Sometimes I send a “thanks but no thanks” to particularly sweet messages, but usually I’m so overwhelmed by the new things to read and the new choices in front of me that I ignore those nice guys too.Basically, I act like an entitled jerk who can pull puppet strings and make Ok Cupid dance for me however I please. I don’t have to, and so I don’t make myself go through the scary exercise of asking for consideration and possibly being rejected or ignored.With those, you will send a few messages back and forth before he invites you for a drink.
I think it’s about time I try to understand my digital privilege.
Are you interested in meeting a single Catholic woman leading to a marriage made in heaven?
Why can’t I apply this “equal investment” attitude to the getting of dates and not just the paying for dates?
***** It’s a little too far past January 1st to call this a New Year’s Resolution, but I’ve decided to make a change.
I do not want to be a passive participant in my romantic life.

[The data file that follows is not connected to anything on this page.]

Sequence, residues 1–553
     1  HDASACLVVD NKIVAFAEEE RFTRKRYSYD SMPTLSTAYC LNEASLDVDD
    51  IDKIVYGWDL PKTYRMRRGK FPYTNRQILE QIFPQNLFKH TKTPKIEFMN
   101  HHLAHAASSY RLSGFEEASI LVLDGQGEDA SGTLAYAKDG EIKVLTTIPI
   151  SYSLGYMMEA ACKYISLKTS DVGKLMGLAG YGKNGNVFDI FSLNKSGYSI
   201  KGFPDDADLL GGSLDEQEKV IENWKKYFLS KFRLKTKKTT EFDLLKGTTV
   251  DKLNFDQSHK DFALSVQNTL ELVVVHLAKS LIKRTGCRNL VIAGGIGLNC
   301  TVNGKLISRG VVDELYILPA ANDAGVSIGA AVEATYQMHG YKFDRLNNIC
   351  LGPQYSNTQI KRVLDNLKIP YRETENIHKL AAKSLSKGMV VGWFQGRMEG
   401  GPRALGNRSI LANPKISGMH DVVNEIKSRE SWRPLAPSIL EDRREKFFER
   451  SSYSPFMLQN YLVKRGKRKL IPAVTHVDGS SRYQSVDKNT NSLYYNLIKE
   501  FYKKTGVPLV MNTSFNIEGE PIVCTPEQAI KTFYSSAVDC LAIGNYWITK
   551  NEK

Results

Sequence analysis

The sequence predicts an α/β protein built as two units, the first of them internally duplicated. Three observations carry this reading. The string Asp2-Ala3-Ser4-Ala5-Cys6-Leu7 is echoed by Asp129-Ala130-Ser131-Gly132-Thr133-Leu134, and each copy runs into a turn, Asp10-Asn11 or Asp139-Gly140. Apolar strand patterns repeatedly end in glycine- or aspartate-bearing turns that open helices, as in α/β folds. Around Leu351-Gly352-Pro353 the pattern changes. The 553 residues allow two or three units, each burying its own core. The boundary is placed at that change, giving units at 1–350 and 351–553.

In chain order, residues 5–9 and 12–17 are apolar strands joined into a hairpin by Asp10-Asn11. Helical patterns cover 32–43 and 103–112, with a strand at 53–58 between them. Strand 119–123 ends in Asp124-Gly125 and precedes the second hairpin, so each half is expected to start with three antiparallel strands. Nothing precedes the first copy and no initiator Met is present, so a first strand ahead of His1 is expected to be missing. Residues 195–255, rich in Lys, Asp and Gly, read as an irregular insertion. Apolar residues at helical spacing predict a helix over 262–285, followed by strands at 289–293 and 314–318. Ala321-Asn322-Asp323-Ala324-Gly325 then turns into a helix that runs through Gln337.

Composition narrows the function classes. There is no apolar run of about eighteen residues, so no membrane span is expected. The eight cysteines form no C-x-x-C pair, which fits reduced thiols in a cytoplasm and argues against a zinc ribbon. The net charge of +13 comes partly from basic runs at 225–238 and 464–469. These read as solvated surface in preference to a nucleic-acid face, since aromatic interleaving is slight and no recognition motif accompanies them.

I do not want my dating choices to be limited to the guys who are still optimistic enough to send a message; I might miss some good ones who are just tired of being ignored and I can’t blame them. I asked above why I should bother to get on the rollercoaster ride of being the asker instead of the askee, and I think the reason it’s worth trying is the reason it’s worth trying many things that make you uncomfortable; empathy.
The Internet could be the great democratizer, the great playing field-leveler.
After all, we each have only the 500-word text boxes and crappy jpegs and clever (not so clever) user names to show for ourselves. Maybe in this environment where we are safely sequestered behind screens, we can get past some of the lingering gender-based “rules” that dominate the “How to Catch a Man” playbooks of yore.
Finally, one of the cool girls writes back, and you will banter a bit, swapping favorite restaurants or concert venues.